Minik Rosing: It emerged at some point when there was rather little interplay between Ilisimatusarfik and the Greenland Institute of Natural Resources – and all in all between all the research communities in Greenland – and then it happened that I had talked with the National Science Foundation in the United States – because I was Chairman for the Commission of Scientific Research in Greenland and later of the Greenland Research Council, where I made an exploration into who had which interests – and repeatedly, when one talks to research groups and individual researchers, they said that ‘they were sorry that they didn’t have the opportunity to explain what we are doing locally in Greenland, and that they didn’t have any locals to cooperate with’. So it emerged because it seemed like there was a great need, and that Ilisimatusarfik could benefit a lot from foreign researchers who would care to tell about their research when they were in Greenland anyway, so they could help strengthening the academic environment at the university. It was actually straight forward, I think.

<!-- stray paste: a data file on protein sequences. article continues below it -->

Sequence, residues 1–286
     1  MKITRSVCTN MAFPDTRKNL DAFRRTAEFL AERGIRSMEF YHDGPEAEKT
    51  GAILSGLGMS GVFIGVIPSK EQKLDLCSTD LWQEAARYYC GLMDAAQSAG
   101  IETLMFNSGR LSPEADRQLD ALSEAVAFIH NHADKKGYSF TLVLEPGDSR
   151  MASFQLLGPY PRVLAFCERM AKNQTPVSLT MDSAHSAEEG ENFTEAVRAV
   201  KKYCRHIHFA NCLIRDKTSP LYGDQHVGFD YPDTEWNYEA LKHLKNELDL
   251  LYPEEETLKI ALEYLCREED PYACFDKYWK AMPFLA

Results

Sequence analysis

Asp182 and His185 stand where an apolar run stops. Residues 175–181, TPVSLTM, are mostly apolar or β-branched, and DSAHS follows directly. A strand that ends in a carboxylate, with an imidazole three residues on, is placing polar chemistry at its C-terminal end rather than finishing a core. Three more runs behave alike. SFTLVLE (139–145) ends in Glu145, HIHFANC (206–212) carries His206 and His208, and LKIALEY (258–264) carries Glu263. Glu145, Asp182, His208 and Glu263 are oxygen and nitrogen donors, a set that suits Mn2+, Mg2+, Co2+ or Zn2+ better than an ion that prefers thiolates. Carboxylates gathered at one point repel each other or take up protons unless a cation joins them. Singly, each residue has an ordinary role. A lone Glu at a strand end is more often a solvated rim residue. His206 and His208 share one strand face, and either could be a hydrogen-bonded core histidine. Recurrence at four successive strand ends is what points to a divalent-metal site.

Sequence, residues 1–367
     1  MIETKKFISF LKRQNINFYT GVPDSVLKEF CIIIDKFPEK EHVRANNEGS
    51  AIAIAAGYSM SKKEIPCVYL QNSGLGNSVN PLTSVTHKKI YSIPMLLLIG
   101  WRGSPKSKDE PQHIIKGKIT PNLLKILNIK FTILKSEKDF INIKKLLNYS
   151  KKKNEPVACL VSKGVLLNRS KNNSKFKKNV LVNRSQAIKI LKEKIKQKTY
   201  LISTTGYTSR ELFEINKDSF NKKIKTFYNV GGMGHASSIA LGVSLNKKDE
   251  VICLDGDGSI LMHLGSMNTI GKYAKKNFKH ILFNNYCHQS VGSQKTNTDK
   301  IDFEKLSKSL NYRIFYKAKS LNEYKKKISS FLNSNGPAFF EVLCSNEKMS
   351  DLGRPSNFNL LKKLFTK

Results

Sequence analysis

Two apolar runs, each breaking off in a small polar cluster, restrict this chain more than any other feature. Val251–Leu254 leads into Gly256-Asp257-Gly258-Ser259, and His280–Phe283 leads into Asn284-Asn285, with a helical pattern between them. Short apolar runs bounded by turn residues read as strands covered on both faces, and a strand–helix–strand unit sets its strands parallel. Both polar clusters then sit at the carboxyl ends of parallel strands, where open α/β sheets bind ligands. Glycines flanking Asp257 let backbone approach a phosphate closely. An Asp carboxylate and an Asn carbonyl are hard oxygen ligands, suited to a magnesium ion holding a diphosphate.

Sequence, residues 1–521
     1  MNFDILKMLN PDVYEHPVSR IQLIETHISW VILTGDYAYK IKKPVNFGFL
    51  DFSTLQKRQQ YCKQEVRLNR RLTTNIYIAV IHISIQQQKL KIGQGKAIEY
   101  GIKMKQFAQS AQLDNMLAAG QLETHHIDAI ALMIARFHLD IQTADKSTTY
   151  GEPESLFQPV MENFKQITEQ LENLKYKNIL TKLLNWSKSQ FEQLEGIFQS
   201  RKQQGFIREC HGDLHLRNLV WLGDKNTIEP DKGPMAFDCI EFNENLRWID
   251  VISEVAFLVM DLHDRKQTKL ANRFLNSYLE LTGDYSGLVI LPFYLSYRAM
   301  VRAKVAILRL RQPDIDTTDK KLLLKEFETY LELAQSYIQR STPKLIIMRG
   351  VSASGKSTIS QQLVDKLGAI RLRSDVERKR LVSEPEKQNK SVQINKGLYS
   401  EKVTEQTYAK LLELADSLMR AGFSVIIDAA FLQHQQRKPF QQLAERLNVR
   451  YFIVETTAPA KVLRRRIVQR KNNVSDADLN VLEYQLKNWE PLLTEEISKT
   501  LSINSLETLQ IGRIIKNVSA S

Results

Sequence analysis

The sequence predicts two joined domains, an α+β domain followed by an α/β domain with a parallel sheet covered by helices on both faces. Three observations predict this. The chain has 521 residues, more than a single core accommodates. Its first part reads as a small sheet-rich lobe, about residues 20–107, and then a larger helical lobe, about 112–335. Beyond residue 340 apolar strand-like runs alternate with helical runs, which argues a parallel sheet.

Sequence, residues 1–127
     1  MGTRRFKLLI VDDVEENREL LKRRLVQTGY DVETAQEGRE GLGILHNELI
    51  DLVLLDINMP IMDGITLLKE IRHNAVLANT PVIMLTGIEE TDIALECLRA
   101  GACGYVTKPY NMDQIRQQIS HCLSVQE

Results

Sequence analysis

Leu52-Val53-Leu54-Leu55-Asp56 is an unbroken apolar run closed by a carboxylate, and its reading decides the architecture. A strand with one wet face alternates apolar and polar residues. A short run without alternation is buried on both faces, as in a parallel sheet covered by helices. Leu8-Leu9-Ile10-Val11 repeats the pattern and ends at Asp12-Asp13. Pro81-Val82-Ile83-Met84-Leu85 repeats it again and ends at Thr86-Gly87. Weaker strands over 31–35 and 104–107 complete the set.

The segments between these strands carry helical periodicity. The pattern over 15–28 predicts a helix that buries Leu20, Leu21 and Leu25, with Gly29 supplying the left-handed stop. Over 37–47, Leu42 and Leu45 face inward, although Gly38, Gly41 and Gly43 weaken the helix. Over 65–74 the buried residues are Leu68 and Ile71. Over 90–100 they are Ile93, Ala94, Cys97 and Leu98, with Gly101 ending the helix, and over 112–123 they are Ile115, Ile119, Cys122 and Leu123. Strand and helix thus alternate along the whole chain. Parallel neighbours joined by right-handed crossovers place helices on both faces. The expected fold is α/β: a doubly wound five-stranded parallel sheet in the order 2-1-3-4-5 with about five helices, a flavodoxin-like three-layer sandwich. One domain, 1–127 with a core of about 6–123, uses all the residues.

I was also incredibly irritated – and that I am still actually – that every time I am in Nuuk then I don’t have a place to live, so I walk around and live in staircases and sleep under cardboard boxes and things like that. Thus, I thought that if we had such a research hotel for scientists just next to the research communities in Greenland then both would benefit from it.

HNN: What happened when Peter Taksøe-Jensen started working on the Review of Denmark’s Foreign and Security Policy? Did he approach you, or was it the other way around, or how does such things work?

Minik Rosing: I guess it worked as things like that do. People talk with each other and ask ‘what do you think?’ And then he made this report with those input he got.

HNN: The research hub is a rather prominent recommendation in the report – and also in the Denmark’s Foreign and Security Policy Strategy, so it seems like the interest is intact.

Minik Rosing: I also think that it is an obvious win-win-win-win thing, which satisfies needs and wishes of both parties, so if both the Greenlandic society and the research communities wish so, then it would be stupid not to pursue it. Without saying that someone is stupid if they don’t pursue it of cause.